Thursday, December 31, 2020

Revisit Bukit Brown Cemetery - In Search of the Banded Line Blue

Jan 2013 was my last outing to Bukit Brown Cemetery before this large municipal Chinese cemetery ground was cordoned off for the construction of the Lornie Highway. Since the full completion of the highway in Apr 2019, I have not visited the place until early this month. 

The roads around the area have been changed or diverted quite a bit so it took me awhile to find the old main entrance gate to the cemetery. 
Not far from the main gate, information signage mounted on a makeshift wooden stand have been put up by the Singapore Heritage Society (SSS) with the support of the Ministry of National Development and the National Heritage Board. It is definitely educational and good to have these signage to educate the public about the history of the cemetery and the different cultural rituals or practices associated with tombs. 

More information about the SHS's Wayfinder project which started in October 2017 of documenting and explaining some of the prominent or special tombs can be found here

Indeed, the rich biodiversity attracted hikers and nature photographers to come here to look for rarities before the construction of the highway.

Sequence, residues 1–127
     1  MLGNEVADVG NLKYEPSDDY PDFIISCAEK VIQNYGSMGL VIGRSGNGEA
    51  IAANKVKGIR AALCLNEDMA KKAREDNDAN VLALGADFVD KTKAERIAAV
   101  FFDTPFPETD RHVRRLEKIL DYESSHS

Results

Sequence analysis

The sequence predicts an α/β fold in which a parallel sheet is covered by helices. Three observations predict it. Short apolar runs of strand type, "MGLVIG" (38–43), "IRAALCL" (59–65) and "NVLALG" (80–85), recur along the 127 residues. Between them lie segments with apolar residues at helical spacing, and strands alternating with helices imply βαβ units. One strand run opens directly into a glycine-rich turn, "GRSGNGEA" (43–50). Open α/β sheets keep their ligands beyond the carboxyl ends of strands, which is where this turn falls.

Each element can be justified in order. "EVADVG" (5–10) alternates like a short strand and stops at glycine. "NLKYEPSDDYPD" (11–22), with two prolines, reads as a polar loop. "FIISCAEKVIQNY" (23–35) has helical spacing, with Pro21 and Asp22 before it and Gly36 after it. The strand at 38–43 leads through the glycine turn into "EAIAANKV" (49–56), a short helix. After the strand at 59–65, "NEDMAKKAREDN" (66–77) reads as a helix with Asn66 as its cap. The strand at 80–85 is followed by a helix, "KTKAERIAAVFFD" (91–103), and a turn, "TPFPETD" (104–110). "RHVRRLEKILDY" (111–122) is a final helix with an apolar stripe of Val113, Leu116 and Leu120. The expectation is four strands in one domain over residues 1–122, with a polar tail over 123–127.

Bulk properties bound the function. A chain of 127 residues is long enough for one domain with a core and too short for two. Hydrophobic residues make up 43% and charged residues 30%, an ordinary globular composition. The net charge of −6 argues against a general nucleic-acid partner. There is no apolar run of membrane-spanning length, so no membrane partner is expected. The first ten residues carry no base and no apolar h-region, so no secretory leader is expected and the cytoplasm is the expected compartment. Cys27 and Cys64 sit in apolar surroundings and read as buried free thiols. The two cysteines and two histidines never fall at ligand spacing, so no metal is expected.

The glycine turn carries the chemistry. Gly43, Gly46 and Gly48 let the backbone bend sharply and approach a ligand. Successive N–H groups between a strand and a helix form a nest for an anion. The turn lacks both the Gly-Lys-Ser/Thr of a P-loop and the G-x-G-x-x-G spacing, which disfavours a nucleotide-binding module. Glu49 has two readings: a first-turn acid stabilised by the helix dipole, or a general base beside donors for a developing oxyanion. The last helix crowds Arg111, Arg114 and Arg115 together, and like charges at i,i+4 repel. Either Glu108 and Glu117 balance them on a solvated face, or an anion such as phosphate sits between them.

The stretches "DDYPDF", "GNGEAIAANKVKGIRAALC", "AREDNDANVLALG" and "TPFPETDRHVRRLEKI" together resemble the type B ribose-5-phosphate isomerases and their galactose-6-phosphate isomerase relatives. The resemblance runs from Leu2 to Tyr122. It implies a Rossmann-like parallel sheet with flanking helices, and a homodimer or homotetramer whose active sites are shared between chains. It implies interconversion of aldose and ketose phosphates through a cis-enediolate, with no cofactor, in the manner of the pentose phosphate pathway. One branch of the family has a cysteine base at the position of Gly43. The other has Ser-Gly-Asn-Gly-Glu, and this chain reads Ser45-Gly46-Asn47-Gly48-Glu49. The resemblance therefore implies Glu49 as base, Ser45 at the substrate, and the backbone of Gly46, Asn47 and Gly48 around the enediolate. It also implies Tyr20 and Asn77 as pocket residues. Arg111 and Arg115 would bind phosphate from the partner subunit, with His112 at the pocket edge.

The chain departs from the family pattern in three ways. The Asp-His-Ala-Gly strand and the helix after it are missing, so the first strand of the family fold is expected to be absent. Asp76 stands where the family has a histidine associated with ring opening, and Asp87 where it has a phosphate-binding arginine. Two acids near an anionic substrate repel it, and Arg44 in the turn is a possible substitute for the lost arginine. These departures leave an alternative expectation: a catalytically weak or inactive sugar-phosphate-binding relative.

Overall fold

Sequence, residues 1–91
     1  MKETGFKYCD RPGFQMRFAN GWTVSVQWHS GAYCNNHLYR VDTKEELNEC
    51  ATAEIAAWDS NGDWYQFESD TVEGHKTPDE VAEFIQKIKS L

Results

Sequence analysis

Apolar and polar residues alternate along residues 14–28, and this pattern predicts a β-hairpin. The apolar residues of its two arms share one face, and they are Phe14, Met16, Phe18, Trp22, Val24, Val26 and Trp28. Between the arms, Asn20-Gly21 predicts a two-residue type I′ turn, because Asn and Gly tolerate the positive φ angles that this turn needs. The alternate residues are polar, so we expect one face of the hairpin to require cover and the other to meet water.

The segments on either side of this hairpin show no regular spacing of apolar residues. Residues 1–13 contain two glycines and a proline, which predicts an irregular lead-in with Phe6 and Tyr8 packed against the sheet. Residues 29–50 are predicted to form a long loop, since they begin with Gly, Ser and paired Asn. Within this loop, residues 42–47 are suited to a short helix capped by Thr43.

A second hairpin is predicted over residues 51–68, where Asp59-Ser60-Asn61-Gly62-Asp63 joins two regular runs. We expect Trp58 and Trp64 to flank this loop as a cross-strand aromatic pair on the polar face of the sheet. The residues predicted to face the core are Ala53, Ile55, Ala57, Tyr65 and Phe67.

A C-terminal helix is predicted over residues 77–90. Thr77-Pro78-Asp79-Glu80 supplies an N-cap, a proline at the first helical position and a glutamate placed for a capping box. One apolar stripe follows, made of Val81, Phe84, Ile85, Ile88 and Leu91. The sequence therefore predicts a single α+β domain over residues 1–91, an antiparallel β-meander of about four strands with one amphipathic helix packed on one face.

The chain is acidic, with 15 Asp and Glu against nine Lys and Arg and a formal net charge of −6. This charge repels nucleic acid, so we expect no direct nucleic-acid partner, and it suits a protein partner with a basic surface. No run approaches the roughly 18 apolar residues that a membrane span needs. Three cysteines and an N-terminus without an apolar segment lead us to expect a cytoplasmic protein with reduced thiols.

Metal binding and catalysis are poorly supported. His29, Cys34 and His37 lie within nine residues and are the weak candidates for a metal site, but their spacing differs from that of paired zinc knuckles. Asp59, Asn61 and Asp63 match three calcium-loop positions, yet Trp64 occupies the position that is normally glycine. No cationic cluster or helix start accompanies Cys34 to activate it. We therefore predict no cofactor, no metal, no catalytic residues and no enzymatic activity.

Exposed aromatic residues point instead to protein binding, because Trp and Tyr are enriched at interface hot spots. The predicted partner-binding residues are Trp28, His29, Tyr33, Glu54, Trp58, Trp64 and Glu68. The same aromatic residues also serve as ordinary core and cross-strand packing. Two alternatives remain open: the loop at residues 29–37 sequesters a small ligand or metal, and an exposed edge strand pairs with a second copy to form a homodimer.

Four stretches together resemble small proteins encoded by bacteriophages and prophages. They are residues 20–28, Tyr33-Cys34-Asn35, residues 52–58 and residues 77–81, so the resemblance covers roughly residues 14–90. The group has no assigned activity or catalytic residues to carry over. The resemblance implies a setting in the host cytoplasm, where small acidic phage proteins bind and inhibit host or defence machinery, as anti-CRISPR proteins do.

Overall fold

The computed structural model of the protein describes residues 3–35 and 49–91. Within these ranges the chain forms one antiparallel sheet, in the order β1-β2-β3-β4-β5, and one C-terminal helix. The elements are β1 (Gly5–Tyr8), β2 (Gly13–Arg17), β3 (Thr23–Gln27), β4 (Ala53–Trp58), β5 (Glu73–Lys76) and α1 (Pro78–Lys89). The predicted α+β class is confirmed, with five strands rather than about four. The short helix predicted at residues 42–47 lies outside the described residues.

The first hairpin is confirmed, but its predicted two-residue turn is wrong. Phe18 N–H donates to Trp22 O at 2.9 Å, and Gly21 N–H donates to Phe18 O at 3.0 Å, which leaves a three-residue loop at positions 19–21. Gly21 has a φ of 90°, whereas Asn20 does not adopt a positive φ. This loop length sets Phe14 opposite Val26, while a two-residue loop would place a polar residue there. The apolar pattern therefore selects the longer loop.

However, I was rather disappointed with the information presented above - it does not provide us a complete and accurate "picture". I think NSS should have also featured the Banded Line Blue (Prosotas lutea sivoca) as its larval host plant and the butterfly can still be found, as of today, at 3 different locations at Bukit Brown.(note: Golden Loyal and Banded Line Blue were spotted in the same year).
I was relieved and happy to see, though just one female ovipositing on the host plant (Acacia conccina) on 4 December. With the abundance of the host plants growing at the same site that I discovered this species about 8 years ago, I guess this tiny Blue has been surviving quite well all these years even during the construction period - thanks to the authority or whoever preserving the host plants there.
While searching and waiting for the BLB to appear, I spotted other butterflies visiting some Lantana flowers - they were a Tailed Jay (Graphium agamemnon agamemnon), a Plain Nawab (Polyura hebe plautus) and a Yamfly (Loxura atymnus fuconius).

These were the instinctive snap shots as they were just too fast and uncooperative.